President Barack Obama asked Congress on Thursday for $500 million to train and arm vetted members of the Syrian opposition, as the US struggles for a way to stem a civil war that has also fuelled the ISIS insurgency in neighbouring Iraq.
The military training programme would deepen the Obama administration’s involvement in the more than three-year conflict between anti-government rebels and forces loyal to Syrian President Bashar al-Assad. If approved by Congress, the programme would supplement a covert train-and-assistance programme run by US intelligence agencies.
The Syria programme is part of a broader $65.8 billion overseas operations request that the administration sent to Congress on Thursday. The package includes $1 billion to help stabilise nations bordering Syria that are struggling with the effects of the civil war. It also formalises a request for a previously announced $1 billion to strengthen the US military presence in Central and Eastern Europe amid Russia’s threatening moves in Ukraine.
The requests come as Obama faces fresh criticism of his restrained policies in Syria, which some White House opponents contend allowed the Sunni insurgency pressing through Iraq to gain strength. US officials increasingly see the instability in Syria and Iraq as a single challenge, with the border between the two countries increasingly blurred.
Obama hinted earlier this year that he was seeking ways to boost assistance to moderate Syrian rebels who are struggling to make gains in their clashes with Assad’s forces.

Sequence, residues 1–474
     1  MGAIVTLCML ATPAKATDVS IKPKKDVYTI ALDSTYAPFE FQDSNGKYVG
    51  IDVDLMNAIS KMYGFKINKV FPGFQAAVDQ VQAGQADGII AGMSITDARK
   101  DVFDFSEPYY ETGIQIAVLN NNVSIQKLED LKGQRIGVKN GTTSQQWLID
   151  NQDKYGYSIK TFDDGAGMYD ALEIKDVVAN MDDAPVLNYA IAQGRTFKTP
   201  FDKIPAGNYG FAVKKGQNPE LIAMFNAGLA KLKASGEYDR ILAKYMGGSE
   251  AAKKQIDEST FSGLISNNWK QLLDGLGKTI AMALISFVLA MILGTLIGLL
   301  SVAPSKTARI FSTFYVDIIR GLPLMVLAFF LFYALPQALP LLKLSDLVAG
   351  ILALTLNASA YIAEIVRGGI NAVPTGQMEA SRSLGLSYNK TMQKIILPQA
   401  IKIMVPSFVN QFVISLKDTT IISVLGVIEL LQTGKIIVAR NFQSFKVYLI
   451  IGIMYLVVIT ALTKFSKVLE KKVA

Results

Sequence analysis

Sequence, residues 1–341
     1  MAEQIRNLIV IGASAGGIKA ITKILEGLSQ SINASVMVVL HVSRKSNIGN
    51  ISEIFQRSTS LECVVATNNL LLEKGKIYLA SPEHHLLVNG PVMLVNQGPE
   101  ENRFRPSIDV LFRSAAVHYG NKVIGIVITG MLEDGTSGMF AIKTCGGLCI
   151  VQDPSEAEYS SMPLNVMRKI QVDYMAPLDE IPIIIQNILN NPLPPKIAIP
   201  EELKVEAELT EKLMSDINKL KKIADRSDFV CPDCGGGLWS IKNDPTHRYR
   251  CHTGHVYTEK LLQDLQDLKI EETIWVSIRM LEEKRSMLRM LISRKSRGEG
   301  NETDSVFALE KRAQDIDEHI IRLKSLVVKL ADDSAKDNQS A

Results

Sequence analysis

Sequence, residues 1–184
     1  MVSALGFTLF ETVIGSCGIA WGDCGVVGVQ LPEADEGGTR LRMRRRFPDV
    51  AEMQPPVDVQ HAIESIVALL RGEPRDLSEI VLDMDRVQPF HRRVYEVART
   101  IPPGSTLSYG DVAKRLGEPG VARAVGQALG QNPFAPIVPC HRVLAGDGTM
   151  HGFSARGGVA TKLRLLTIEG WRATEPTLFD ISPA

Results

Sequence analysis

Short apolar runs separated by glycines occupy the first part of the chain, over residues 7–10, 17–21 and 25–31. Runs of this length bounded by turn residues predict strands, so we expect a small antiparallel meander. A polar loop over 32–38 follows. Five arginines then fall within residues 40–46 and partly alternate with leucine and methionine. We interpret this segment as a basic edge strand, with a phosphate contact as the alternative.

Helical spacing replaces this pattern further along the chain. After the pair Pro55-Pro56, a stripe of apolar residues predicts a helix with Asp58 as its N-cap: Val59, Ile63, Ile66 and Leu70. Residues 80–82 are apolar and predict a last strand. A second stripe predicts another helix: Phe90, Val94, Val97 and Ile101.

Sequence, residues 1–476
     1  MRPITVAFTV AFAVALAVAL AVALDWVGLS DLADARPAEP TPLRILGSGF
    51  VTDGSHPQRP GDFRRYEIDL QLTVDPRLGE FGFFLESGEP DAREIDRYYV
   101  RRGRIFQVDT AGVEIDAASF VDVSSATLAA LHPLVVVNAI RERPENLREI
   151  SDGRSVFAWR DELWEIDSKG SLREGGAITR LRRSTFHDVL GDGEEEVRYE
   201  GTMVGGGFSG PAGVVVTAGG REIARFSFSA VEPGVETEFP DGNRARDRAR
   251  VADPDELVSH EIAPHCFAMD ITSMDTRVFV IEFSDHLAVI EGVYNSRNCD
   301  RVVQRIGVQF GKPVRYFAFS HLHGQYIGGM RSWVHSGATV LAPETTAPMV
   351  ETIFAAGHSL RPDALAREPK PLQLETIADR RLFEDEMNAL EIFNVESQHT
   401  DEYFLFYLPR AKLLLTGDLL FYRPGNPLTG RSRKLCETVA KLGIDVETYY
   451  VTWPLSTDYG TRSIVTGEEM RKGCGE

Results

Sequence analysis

“In helping those who fight for the right of all Syrians to choose their own future, we also push back against the growing number of extremists who find safe haven in the chaos,” Obama told graduating cadets during a May 28 commencement address at the US Military Academy.
Officials said the administration would coordinate with Congress and regional players on the specific types of training and assistance the US would provide the opposition. One potential option would be to base US personnel in Jordan and conduct the training exercise there.
Supplement for Syria's neighbours
The Senate Armed Services Committee has already approved a version of the sweeping defence policy bill authorising the Defense Department to provide “equipment, supplies, training and defence services” to elements of the Syrian opposition that have been screened. The Senate could act on the bill before the August recess.
In addition to the covert train-and-equip mission, the US has also provided nearly $287 million in nonlethal assistance to the moderate opposition.
The military programme would be supplemented by $1 billion in assistance to Syria’s neighbours – Jordan, Lebanon, Turkey, and Iraq – to help them deal with an influx of refugees and the threat of extremists spilling over their borders.
Iraq in particular is buckling amid lightening gains by the Sunni extremist group Islamic State of Iraq and Greater Syria (ISIS), which also has a stronghold inside Syria. The group has seized large swaths of Iraq and seeks to carve out a purist Islamic enclave across both sides of the Syria-Iraq border.
In response to the request, US Defense Secretary Chuck Hagel asked his staff to develop more detailed plans to train and equip the rebels, should Congress approve the funding.
“The Secretary has directed his staff to begin developing more detailed plans to carry out the train-and-equip mission, if approved by Congress,” Pentagon spokesman Rear Admiral John Kirby said in a statement.
(FRANCE 24 with AP, REUTERS)
Date created : 2014-06-27